Attorney General Jeff Sessions issued two important new memoranda on the heavily backlogged U.S. Immigration Courts today. Here they are:
“**ALL INFORMATION CONTAINED WITHIN IS ON BACKGROUND, ATTRIBUTABLE TO AN EOIR OFFICIAL**
EOIR STRATEGIC CASELOAD REDUCTION PLAN
- The Executive Office for Immigration Review’s (EOIR) caseload has doubled since 2011, from less than 300,000 pending cases to 650,000 as of December 2017.
- The pace of the caseload increase has accelerated:
o FY 2014 – FY 2015: o FY 2015 – FY 2016: o FY 2016 – FY 2017:
+100,000 cases (projected)
- Numerous policy changes in recent years have slowed down the adjudication of existing cases and incentivized further illegal immigration that led to new cases:o DACA
o Prosecutorial Discretion o Provisional Waivers
- Representatives of illegal aliens have purposely used tactics designed to delay the adjudication of their clients’ cases:o Between FY 2006 and FY 2015, continuances in immigration proceedings increased 23%.1 o As of 2012, cases averaged four continuances, which totaled 368 days per continuance.2
- Productivity of immigration judges fell by 31% between FY 2006 and FY 2015.3GOAL
- In order to reduce the pending caseload, EOIR must increase adjudicatory capacity, increase immigration judge (IJ) productivity, and manage incoming case receipts from the Department of Homeland Security. EOIR is implementing five initiatives to address these goals.INCREASING ADJUDICATORY CAPACITY
- FY 2016 authorized 384 IJs, and the total number of IJs is currently 339, up from 273 since September 2016; if approved, EOIR will be authorized to hire up to 449 IJs.
- The Attorney General announced a “new, streamlined hiring plan” in April 2017 that is showing signs of reducing the hiring process from 742 days to 6-8 months.4
- In addition to more immigration judges, EOIR is requesting funding to reduce the ratio of judicial law clerks (JLCs) for all IJs from 2:1 to 1:1, improving productivity and efficiency.
- EOIR is actively working with Government Services Administration (GSA) to identify new space and to expedite build-outs of existing space.1 https://www.gao.gov/assets/690/685022.pdf
**ALL INFORMATION CONTAINED WITHIN IS ON BACKGROUND, ATTRIBUTABLE TO AN EOIR OFFICIAL**
• EOIR is planning to pilot Video Teleconferencing (VTC) immigration adjudication centers (IACs), where IJs will adjudicate cases from around the country.
MAXIMIZING THE USE OF AVAILABLE ADJUDICATORY CAPACITY
- Every Friday, there are at least 100 courtrooms nationwide that are not being used because of IJ alternate work schedules.
- No Dark Courtrooms policy:
o Hiring new IJs for VTC courtrooms in Falls Church, VA o Utilize retired IJs to cover dark courtrooms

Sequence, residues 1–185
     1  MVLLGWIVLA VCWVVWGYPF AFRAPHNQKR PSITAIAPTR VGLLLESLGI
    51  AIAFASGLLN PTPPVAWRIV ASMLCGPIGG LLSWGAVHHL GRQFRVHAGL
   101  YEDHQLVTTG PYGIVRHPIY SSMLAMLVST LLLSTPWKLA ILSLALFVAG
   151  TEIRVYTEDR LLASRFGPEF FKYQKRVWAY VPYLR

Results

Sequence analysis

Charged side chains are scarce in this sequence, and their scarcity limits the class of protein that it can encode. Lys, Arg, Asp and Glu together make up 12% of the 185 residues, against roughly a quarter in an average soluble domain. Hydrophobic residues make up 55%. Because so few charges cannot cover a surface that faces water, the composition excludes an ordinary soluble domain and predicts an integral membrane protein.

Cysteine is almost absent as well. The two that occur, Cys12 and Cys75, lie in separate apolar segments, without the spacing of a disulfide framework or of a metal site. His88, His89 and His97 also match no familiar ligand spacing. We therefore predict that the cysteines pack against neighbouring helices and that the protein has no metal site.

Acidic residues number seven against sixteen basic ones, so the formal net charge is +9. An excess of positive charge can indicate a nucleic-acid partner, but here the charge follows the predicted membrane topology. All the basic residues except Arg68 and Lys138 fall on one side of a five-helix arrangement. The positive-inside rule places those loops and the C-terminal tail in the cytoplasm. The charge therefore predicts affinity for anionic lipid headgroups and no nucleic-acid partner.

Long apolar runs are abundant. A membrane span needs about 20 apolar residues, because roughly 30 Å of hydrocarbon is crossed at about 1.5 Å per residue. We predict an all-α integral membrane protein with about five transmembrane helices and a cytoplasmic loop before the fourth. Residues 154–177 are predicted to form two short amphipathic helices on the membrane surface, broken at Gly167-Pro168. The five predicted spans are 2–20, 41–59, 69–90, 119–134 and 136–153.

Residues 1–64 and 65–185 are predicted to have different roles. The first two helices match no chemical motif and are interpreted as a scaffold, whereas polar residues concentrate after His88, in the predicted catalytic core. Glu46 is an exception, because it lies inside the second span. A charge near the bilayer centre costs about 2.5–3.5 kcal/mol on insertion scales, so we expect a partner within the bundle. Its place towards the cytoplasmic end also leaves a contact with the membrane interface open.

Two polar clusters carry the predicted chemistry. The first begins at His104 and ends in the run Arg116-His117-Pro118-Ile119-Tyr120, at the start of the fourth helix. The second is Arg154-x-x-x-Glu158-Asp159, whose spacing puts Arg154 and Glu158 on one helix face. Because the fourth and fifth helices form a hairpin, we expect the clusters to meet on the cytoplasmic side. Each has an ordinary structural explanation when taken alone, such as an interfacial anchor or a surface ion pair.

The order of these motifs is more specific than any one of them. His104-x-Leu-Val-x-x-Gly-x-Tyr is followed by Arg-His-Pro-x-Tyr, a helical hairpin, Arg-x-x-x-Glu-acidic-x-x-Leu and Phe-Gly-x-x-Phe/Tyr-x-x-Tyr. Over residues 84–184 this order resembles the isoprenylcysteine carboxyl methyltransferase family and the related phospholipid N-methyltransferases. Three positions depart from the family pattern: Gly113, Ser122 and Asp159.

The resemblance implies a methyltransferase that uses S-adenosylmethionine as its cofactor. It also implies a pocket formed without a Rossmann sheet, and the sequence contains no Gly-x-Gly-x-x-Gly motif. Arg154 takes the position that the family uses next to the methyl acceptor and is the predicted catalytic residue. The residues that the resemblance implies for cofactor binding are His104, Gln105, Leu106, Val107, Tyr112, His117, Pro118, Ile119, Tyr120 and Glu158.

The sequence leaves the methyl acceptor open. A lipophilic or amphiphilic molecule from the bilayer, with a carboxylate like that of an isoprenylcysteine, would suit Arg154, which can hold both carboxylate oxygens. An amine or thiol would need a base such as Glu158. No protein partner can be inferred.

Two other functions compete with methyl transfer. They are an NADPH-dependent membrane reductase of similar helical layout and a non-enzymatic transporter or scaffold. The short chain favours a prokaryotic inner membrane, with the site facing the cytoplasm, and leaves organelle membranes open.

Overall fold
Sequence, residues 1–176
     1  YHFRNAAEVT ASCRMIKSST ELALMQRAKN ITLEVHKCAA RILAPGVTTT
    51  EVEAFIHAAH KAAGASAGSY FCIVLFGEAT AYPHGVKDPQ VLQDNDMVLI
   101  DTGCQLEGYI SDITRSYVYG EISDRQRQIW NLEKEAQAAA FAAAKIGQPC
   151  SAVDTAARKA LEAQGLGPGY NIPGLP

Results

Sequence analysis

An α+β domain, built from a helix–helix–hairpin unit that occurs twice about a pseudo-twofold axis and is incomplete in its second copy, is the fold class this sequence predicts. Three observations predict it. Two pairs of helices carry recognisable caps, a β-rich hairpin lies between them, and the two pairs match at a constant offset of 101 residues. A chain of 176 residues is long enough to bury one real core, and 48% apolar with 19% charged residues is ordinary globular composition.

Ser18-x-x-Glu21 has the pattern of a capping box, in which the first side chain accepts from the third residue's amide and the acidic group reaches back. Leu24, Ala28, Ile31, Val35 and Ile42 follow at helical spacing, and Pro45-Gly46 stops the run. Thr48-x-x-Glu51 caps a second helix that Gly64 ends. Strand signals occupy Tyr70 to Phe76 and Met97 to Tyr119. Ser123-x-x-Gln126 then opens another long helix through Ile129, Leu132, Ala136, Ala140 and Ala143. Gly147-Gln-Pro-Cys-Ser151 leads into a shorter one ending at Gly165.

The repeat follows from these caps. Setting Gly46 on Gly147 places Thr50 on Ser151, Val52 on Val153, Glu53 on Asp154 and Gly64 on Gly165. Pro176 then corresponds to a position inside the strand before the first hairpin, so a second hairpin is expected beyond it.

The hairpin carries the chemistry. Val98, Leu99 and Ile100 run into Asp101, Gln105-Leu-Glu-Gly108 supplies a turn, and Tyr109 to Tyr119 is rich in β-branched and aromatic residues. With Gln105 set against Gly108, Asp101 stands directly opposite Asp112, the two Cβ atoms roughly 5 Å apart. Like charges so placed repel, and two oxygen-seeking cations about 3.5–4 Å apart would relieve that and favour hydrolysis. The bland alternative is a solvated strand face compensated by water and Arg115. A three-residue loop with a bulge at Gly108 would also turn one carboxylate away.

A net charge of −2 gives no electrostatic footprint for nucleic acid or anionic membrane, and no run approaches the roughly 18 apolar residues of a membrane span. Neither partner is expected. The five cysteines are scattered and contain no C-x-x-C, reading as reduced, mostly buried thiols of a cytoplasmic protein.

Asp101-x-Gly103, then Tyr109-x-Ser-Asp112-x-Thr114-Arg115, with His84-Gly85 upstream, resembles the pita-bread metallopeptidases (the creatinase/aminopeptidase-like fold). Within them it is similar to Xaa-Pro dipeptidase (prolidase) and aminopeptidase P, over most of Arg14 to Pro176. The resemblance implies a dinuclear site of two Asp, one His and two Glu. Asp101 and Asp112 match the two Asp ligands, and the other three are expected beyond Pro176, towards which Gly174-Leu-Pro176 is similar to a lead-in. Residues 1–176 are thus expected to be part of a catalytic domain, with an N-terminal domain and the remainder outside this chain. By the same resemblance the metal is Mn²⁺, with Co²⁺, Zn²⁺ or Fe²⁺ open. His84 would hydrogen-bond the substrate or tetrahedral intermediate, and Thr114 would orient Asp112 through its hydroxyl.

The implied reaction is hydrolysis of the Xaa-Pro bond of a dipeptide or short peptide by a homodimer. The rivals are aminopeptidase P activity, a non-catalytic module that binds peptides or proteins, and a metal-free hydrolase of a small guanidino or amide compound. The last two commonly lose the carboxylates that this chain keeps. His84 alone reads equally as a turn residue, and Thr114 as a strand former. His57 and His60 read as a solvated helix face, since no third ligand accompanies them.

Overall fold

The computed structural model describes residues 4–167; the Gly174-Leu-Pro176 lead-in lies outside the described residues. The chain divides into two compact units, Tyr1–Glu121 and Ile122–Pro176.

- Establish nationwide scheduling and docketing standards to more efficiently move cases to completion.TRANSFORMING EOIR’S INSTITUTIONAL CULTURE AND INFRASTRUCTURE
- EOIR is actively looking to replace its operations from a paper-based filing system to an electronic filing system.
- Realign the agency towards completing cases.
- Provide clear guidance to IJs about the timely adjudication of cases.
- Placing more supervisory IJs in the field to improve oversight and ensure more effective implementation of strategies to reduce the caseload.ENHANCING PARTNERSHIPS WITH DHS
• Strengthen aspects of EOIR’s relationship with DHS will help improve docket efficiency and IJ productivity by managing the input of new cases and more efficiently monitoring cases that are delayed pending an adjudication before USCIS.
IMPROVING EXISTING LAWS AND POLICIES
• Review of existing EOIR regulations and policies to determine changes that could streamline current immigration proceedings (e.g. the OPPM on continuances issued on July 31, 2017; regulatory changes that will allow immigration judges to deny unmeritorious cases regardless if the annual limit for relief has been met).”
- Heavy on enforcement and efficiency.
- Light on Due Process and fairness to respondents.
- An attempt to shift primary responsibility for the backlogs from the true causes — inappropriate political meddling at DOJ by this and past Administrations — known as Aimless Docket Reshuffling (“ADR”) — and shifting DHS enforcement strategies — to respondents and their attorneys (many of whom serve on a pro bono or “low bono” basis).
- Over-emphasis on fraud as the cause of the backlogs.
- Overall, not a very good day for “guaranteeing fairness and due process for all” — the “forgotten vision” of the U.S. Immigration Courts.